(Sorry about the late post – we just got across the Golfo de Papagayo to a place, Marina Papagayo, where we arrived to discover that their internet access had failed just as we arrived. It’s still out, and then the water went out this afternoon. We’ll be in touch as best we can…)
January 1, 2015
Happy New Year! For our part, we’re damn happy, with the anchor down. After four full days of sometimes violent sailing from Mexico, it was a huge relief to find a sheltered spot, scrape off some of the salt, and celebrate the passage with a glass of tequila and lime – in honor of the great time we had in Mexico. We celebrated again this morning with bacon and eggs, salsa Mexicana, tortillas and champagne. Only Birgit was awake, briefly, for New Year’s Eve…
It was a busy 500 mile trip from Puerto Madero to the first secure anchorage we could find in Costa Rica. We got reports from Anita that we could expect 30 knot “Papagayos,” the strong winds that flow from the Caribbean across the low spots in Central America, but there was nothing to do but to keep going. We got exactly what was predicted, along with our first sights of the Southern Cross and the Magellenic Clouds, a Fuji-like smoking volcano in El Salvador, squid fishermen in rubber boats (no radar reflection), and lots of fresh air.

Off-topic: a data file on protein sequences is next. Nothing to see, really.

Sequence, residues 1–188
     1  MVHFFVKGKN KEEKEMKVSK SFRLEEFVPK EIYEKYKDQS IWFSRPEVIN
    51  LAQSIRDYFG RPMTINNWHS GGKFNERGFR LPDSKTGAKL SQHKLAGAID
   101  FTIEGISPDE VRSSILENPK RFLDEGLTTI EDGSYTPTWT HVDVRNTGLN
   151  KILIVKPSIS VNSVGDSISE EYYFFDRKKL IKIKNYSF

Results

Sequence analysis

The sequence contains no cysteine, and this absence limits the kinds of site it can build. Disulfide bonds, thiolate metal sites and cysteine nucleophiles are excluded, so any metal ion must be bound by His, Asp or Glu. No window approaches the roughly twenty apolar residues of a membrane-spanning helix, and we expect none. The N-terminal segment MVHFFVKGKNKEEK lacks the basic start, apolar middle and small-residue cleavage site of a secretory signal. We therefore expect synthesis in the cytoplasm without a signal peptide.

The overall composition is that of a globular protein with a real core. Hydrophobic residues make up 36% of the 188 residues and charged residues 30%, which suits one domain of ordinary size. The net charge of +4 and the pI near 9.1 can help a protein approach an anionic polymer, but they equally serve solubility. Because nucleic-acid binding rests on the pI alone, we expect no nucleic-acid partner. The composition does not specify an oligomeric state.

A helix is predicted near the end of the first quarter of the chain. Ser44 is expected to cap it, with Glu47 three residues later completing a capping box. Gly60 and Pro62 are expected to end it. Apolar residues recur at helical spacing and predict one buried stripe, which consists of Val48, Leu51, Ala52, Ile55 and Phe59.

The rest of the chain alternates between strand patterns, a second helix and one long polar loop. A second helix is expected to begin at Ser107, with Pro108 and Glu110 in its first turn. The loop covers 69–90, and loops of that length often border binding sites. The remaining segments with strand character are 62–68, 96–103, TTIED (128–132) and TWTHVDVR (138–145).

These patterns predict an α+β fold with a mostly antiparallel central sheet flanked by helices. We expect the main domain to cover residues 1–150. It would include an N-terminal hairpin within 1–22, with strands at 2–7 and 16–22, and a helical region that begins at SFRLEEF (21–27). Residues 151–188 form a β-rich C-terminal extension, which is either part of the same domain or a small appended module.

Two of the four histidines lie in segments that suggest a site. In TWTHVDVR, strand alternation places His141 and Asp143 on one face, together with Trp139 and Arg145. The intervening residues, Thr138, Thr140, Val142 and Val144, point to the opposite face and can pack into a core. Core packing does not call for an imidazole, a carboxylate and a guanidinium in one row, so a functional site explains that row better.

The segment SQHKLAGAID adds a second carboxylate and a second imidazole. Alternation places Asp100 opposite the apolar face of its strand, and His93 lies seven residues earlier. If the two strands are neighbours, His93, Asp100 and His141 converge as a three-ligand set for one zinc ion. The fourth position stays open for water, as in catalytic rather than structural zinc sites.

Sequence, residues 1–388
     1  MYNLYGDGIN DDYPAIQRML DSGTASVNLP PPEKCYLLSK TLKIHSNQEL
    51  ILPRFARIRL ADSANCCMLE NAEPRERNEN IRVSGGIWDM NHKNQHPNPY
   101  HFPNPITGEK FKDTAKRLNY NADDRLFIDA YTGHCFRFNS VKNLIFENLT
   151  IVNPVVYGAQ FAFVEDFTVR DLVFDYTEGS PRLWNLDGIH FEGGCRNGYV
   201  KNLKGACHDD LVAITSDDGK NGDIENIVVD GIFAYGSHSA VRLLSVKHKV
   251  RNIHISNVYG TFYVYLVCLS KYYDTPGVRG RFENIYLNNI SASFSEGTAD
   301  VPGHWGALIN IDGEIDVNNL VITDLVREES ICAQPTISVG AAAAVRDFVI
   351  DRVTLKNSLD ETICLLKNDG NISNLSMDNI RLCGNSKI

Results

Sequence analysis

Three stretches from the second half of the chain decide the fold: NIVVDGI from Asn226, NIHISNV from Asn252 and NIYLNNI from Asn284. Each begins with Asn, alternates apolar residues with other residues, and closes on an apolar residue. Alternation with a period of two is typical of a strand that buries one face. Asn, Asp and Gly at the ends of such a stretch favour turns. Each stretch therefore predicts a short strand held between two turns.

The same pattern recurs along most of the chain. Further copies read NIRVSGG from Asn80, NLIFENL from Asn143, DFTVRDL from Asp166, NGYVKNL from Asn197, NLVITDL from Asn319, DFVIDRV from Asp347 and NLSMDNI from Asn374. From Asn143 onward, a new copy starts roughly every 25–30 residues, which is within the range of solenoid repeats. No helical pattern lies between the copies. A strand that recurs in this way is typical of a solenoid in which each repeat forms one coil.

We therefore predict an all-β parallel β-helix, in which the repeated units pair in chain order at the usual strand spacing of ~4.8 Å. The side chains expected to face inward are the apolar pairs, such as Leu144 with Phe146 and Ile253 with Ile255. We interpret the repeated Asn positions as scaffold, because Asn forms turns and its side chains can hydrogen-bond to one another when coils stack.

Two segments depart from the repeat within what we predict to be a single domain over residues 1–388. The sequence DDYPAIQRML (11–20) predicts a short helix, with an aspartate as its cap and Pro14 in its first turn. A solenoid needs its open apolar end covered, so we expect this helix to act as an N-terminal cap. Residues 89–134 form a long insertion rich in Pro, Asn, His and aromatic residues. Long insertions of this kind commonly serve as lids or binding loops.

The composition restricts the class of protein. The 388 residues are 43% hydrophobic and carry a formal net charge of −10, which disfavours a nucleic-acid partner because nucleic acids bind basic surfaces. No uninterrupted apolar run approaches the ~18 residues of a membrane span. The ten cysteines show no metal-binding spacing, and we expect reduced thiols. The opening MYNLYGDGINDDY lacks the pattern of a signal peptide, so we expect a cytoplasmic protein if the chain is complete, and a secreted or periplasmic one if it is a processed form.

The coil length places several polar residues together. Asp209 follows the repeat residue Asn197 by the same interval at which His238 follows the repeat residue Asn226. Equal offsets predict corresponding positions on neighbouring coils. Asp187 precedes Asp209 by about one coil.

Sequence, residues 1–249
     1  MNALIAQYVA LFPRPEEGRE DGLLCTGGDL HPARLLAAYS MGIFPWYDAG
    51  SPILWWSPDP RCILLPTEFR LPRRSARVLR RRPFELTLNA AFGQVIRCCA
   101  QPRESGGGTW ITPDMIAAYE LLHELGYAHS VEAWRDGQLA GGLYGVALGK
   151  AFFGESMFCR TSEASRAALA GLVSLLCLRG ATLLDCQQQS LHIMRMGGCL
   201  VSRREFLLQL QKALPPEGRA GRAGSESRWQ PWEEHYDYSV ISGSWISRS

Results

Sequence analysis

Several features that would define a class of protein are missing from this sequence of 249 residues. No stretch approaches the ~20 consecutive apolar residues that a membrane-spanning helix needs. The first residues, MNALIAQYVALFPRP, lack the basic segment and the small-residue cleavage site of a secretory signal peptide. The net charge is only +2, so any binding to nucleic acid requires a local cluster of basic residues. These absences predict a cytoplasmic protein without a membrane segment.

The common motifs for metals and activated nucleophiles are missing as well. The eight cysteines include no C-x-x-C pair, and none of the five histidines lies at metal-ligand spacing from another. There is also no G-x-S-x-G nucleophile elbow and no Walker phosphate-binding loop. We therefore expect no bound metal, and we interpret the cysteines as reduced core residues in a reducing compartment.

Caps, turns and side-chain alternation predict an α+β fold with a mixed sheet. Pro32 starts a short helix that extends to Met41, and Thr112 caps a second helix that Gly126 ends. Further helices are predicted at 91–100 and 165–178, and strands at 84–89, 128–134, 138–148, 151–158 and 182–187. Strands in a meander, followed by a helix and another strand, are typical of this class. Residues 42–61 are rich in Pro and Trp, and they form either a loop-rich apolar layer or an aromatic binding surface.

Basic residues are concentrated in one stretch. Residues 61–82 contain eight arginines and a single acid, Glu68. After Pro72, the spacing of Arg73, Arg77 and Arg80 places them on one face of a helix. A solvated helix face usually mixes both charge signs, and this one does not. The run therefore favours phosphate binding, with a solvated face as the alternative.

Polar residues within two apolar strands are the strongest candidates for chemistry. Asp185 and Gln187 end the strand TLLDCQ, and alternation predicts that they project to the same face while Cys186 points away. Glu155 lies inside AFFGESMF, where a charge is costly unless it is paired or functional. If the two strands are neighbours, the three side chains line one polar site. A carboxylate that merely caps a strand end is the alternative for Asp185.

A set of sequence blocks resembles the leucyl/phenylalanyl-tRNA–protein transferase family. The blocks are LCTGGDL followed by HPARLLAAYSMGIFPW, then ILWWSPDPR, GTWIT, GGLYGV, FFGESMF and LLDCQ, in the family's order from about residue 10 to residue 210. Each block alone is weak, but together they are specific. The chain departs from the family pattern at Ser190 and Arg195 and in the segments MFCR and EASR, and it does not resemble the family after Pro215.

The quantity of fresh air got a little excessive, though. Every night for the last three nights we had winds between 20 and 30 knots, gusts to 40 now and then, with rough lumpy seas. Lots of work, some worry about rigging, sails and lines, plenty of water on the boat, on us and even in the boat here and there.
There’s a reasonable analogy between a pregnancy and passages like ours at sea. If anyone really remembered the awful aspects, they wouldn’t do it again. Mercifully, there seems to be a kind of amnesia that erases the painful and scary parts, at leaves the things that make the experience beautiful and unique.
Meanwhile, we’re heeled over from the gusty winds while sitting at anchor. It’s a cozy feeling, and we’ll spend the day with a leisurely schedule of cleaning up, making some minor repairs, and cooking a fitting New Year’s Day dinner of pasta carbonara. We still have to make it across the Golfo de Papagayo, but that’s only 50 miles or so. We can tough it out, and so can our lovely, strong boat.